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I know for WCF to work with a membership provider you have to explicitly configure it: (e.g. http://www.codewrecks.com/blog/index.php/2009/09/08/use-aspnet-membership-provider-with-a-wcf-svc-service/)

But if you already have the ASP.NET site using it, can't you prevent anonymous access to the service simply by doing the following?

  <location path="PathToWCFService">
        <deny users"?" />
        <allow users="*" />

Assuming this works, then I would guess WCF wouldn't have access to the membership information? Any other reasons why this might be a bad idea? Thanks!

Edit: Any other way to use WCF with the membership provider that doesn't require maintaining a certificate?

share|improve this question
No you cannot - WCF is really not tied to ASP.NET in any way, shape or form and by default doesn't use the ASP.NET processing pipeline. After all: your WCF service could be hosted in a Windows Service or a console app - no trace of ASP.NET anywhere around there. So no - you do have to explicitly define your WCF security - no "trickle down" from ASP.NET, I'm afraid..... – marc_s Jul 21 '10 at 17:14
@marc_s - I was thinking IIS might actually be the one that handles the access, but it makes sense that it's ASP.NET. After all, the provider code is in .NET. But in that case, why does the authentication work for static files? In other words, if I have an "Images" directory with no ASP.NET pages, I can control access in the web.config. Do the static files go through the ASP.NET pipeline? – Nelson Rothermel Jul 21 '10 at 17:19
@marc_s - your thoughts on my answer? – Sky Sanders Jul 22 '10 at 15:41
up vote 1 down vote accepted

Ok, I usually am comfortable deferring to marc_s, but in this case, I think his comments may be not entirely accurate.

The thing I think he is disregarding is that hosting a service in ASP.NET is entirely different than self hosting.

When you host a service in an ASP.NET website, the host factory is managed by ASP.NET and is actuated by accessing the .svc endpoint, which is served by ASP.NET.

So, while participating in and having access to the ASP.NET context for a service is opt-in, ASP.NET most certainly does process the request.

And so, yes, you may guard any .svc endpoint with ASP.NET authorization as you show.

So you have it guarded against unauthenticated access. What now? How to authenticate a client so that it may access your service?

That is where the link you provide for using membership/authentication with a service.

So, in your question, you are describing the two reciprocal aspects of protecting an ASP.NET hosted wcf service with the membership provider stack but perhaps are viewing them as either/or.

Now, I could be mistaken, but this is how I understand it and how I have implemented it in the past.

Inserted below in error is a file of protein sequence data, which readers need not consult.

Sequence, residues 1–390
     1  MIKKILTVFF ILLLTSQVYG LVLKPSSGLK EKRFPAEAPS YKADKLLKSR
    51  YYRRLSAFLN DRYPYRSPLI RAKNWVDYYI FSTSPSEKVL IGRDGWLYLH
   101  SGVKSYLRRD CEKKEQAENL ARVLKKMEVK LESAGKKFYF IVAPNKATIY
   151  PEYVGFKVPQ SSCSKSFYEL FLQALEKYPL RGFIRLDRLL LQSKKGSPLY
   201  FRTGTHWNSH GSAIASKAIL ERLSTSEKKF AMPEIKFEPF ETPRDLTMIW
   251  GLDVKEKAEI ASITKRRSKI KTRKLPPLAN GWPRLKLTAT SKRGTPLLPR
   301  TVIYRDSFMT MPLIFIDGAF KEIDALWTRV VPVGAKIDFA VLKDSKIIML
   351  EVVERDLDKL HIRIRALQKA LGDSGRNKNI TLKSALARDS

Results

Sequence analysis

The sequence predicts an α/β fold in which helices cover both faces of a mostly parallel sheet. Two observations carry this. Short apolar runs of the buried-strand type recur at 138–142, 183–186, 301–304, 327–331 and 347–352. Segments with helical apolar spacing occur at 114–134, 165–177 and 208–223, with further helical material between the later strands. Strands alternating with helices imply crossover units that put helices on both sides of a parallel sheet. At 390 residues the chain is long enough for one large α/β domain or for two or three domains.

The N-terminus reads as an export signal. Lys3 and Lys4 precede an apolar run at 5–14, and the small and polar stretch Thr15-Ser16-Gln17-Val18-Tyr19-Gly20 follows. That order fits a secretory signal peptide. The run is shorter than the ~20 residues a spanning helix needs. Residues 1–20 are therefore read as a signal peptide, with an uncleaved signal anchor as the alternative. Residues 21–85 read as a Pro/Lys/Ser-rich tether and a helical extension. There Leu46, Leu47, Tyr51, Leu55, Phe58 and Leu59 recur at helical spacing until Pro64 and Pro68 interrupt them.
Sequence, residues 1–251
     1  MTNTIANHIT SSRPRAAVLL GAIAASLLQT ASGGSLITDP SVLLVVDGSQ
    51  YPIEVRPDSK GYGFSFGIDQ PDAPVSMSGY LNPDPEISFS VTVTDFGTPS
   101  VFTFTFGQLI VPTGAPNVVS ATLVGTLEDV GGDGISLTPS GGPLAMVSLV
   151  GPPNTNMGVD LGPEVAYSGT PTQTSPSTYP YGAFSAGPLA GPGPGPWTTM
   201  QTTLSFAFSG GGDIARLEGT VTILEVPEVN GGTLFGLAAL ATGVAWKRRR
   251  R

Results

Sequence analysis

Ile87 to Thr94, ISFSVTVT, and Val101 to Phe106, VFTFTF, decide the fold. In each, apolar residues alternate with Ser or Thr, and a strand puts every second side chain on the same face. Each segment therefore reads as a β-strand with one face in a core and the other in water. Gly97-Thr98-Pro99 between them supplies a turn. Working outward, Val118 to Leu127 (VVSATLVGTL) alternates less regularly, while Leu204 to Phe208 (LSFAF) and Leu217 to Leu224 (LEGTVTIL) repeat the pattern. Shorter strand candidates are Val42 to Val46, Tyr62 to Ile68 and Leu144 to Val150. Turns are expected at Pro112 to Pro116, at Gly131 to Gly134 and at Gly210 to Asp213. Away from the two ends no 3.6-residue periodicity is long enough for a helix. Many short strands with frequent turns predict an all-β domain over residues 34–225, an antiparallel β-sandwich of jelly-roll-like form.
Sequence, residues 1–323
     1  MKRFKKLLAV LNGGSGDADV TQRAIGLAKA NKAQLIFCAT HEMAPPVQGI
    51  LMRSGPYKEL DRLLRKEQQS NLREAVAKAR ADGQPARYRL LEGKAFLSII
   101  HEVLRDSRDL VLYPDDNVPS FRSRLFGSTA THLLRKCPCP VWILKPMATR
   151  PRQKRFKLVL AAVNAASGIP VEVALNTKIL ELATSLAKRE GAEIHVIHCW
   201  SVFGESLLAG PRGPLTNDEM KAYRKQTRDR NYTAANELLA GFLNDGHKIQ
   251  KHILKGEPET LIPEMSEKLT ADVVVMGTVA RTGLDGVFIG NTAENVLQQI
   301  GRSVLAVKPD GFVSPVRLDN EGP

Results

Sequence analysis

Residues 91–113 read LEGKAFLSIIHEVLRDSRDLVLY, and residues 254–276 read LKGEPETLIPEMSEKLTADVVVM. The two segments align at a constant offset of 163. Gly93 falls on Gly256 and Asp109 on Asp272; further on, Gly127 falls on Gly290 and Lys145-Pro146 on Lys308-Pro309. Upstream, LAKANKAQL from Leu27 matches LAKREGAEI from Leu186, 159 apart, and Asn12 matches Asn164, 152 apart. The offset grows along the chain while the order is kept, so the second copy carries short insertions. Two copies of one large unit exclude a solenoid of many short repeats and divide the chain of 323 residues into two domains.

Good luck.

And yes, there are methods of protecting a service with membership that do not involve a certificate but they typically have either a bit of smell to them and/or require a BasicHttp or WebHttp binding.

I am happy to explore this with you more if you like.

share|improve this answer
So you have it guarded against unauthenticated access. What now? I think it depends how it's being used. The <forms loginUrl="..." in web.config redirects on an unauthenticated page request. However, what would happen if the user authenticates, is on an authenticated page, then the login expires. From that page there could be an AJAX call, in which case the response would be the redirected page? Look like I'm not the only one with this issue, which is not unique to WCF: stackoverflow.com/questions/199099/… – Nelson Rothermel Jul 22 '10 at 15:13
In my specific case the authentication doesn't time out (yes, I know the implications). Unless the user goes to the authenticated page and then clears their cache/cookies, the AJAX call should always work. There are no AJAX calls to the service from an unauthenticated page and if there were, I could have two services. Unless I'm wrong, if all I want is to make sure they are authenticated, in my specific case it should be mostly OK. If I want to check roles I can still do that in the web.config, but I couldn't require different roles for different methods unless I split the service. Am I right? – Nelson Rothermel Jul 22 '10 at 15:18
Last thing... If I'm using the service within the context of a local webpage as I previously stated, this may work. If I need authentication for a service that will be accessed by another website, Windows client app, etc. then I would have to connect the membership provider to the WCF service. – Nelson Rothermel Jul 22 '10 at 15:33
@nelson - it wasn't clear in your question that you wish to use AJAX to access your service. That certainly simplifies matters, as the XHR will use the browser's cookies. Handling authentication timeouts is certainly a challenge but is manageable without having an eternal session, see stackoverflow.com/questions/2234348/… – Sky Sanders Jul 22 '10 at 15:34
@nelson r.e. 'last thing': in this cas you would leverage ApplicationServices, which is designed to support such scenarios. But again, the actual requirements of you implementations will bear heavily on which route is appropriate and the permutations are far to great to elaborate on without much more specific requirements. – Sky Sanders Jul 22 '10 at 15:37

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